Slash Film

When you’re unfortunate enough to love found footage horror movies, you find yourself sorting through a lot of garbage. You trawl through the depths of the Prime Video horror section, desperately searching for that one hidden gem, the movie that will restore your faith in the format, the movie that captures the unsettling reality of “The Blair Witch Project” or the slow-burn terror of “Paranormal Activity.” 

But because found footage horror — movies shot to look like they are existing “real” documents — can be produced with a couple bucks and some nearby woods, the ratio of good-to-bad is skewed, to put it mildly. If you’re like me and love the inherent promise of the format so much that you’re willing to wade through mountains of garbage to find the occasional diamond, it starts to become downright masochistic after awhile.

But then a movie like “Late Night With the Devil” rolls around and reminds you: oh yeah, these movies can be pretty damn good. And they’re especially damn good when they try something completely different. And even though there are shades of the “Ghostwatch” and “WNUF Halloween” TV specials in directors Cameron and Colin Cairnes’ new movie, it’s very much its own unique spin on the genre: a found footage horror movie that actually does something different and feels all the more rewarding for it.

A Slow Descent Into A Nightmare

Like those above-mentioned films, “Late Night With the Devil” isn’t a “teens run through the forest yelling while someone shakes trees” movie. It presents itself as an artifact, an “actual” lost and rediscovered piece of ephemera. In this case, it’s an episode of a 1977 talk show hosted by Jack Delroy (David Dastmalchian), a struggling comedian who can never quite match Johnny Carson and has resorted to outlandish gimmicks to boost his flagging ratings. 

For the first half of the movie, the Cairnes wisely takes their time: we endure a fairly unspectacular talk show (behind-the-scenes footage supplies background and additional details during the “commercial breaks”) and watch as Delroy tries to squeeze watchable TV out of a series of special guests on his annual Halloween special. And wouldn’t you believe that one of those guests is a doctor treating a young girl who is apparently possessed by a demon?

Yes, things go wrong, and yes, “Late Night With the Devil” is ultimately a gooey and goopey good time, albeit one with just enough raw terror to leave you rattled. And it certainly helps that Dastmalchian, an increasingly empathetic and fascinating actor, is utterly convincing as Delroy, whose attempts to keep his show rolling through the increasingly chaotic events surrounding him provides the film its most entertaining (and ultimately unnerving) spark. Dastmalchian truly feels like he belongs on a ’70s talk show, nailing the mannerisms and delivery of the period. He’s backed up by stellar production and costume design, which recreate the period with enough mundane accuracy that it fools the brain just often enough. Even if the whole thing looks a wee bit too digital, the film ultimately feels enough like an artifact to get under the skin and feel like you’re watching something you shouldn’t be watching.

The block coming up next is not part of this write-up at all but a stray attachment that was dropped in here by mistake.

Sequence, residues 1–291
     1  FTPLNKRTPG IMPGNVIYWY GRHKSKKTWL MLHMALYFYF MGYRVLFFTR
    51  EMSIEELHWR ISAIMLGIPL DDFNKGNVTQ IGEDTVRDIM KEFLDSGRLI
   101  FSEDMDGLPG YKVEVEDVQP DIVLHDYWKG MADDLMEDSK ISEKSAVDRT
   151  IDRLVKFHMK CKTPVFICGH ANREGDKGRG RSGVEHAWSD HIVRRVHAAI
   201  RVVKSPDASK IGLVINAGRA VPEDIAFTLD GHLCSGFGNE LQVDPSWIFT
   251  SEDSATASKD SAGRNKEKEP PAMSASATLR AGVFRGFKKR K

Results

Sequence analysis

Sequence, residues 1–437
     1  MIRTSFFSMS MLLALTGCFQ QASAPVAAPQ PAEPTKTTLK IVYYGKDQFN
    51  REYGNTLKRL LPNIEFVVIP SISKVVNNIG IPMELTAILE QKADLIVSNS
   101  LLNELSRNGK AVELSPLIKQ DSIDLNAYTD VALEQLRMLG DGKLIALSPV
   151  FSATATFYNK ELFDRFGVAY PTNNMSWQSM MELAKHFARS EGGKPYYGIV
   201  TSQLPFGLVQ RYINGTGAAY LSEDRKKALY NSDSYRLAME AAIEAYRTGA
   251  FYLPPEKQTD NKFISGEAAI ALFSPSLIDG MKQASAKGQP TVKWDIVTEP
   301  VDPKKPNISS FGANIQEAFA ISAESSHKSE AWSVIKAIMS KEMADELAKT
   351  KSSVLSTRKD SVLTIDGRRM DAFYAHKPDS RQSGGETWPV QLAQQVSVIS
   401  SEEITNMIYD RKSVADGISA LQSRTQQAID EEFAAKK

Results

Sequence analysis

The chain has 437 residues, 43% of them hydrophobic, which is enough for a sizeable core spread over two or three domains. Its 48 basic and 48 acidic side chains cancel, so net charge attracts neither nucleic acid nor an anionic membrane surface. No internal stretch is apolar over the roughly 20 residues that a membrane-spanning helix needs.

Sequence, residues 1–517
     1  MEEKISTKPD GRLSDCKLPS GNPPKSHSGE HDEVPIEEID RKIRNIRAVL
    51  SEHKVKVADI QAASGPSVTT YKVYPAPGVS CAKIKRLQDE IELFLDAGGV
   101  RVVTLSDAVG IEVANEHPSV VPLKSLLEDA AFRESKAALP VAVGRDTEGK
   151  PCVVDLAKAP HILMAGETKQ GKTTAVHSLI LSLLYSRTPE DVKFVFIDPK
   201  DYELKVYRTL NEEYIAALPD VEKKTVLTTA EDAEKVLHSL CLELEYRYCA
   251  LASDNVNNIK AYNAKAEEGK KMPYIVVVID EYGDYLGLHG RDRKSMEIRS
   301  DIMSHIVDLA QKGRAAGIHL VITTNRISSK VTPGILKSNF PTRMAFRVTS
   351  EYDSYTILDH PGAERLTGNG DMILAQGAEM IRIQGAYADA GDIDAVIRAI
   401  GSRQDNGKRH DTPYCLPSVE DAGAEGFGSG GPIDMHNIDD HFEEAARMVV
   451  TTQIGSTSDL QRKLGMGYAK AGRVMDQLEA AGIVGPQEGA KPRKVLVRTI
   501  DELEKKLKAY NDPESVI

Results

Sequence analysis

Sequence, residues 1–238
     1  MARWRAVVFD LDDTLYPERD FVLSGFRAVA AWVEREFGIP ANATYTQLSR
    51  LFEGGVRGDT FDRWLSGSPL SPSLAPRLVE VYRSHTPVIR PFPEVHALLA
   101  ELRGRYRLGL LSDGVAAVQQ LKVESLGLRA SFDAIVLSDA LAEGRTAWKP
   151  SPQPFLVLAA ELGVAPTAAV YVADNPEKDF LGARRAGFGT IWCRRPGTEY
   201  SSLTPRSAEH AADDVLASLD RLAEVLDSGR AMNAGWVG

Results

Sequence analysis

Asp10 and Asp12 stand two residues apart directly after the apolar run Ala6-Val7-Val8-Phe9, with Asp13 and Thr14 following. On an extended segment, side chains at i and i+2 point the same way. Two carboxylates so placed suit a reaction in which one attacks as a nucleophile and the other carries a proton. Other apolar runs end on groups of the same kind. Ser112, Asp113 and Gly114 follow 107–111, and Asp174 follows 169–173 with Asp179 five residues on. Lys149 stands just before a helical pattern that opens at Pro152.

What The Hell Are You Watching?

As an exacting recreation of ’70s television being presented to us as a long-lost tape where something very bad happened, “Late Night With the Devil” is already more ambitious and interesting than the average found footage horror movie. But in its third act, the film takes a swerve that separates it from the pack. As characters revisit the footage from earlier in the broadcast, casting events in new (and unsettling) lights, the walls begin to break down. Reality is called into question. The film seemingly destroys the illusion it has so carefully built, but then makes it clear that was the point all along. What the hell are you watching? Was that real? Was it just you that saw that, or did everyone see that? More found footage horror should make the viewer question the reality of what they’re watching. After all, isn’t that the whole appeal of a cursed videotape?

One could nitpick aspects of the film, but the biggest flaws are inherent in the format (much like how H.P. Lovecraft’s epistolary horror tales ultimately ask the reader to ignore how the author found time to write the document in question). Who the heck is filming that behind-the-scenes footage? It doesn’t matter. You roll with it because the rest of the movie works. If last year’s “Deadstream” was the traditional found footage horror movie given a jolt of fresh life and energy from filmmakers who clearly care about the format, “Late Night With the Devil” is proof that there’s still new corners to explore in the most abused section of horror fandom. It makes all those bad found footage horror movies you suffer through worth it, because it means you found this one.

Read this next: 14 Horror Movie Flops That Became Cult Classics

The post Late Night With The Devil Will Restore Your Faith In Found Footage Horror Movies [SXSW] appeared first on /Film.

/Film – Late Night With The Devil Will Restore Your Faith In Found Footage Horror Movies [SXSW]
Author: Jacob Hall
Go to Source
March 13, 2023

Hits: 0


I am just a bot on here gathering posts for you all to enjoy :)

Leave a Reply

For security, use of Google's reCAPTCHA service is required which is subject to the Google Privacy Policy and Terms of Use.

I agree to these terms.

Close Panel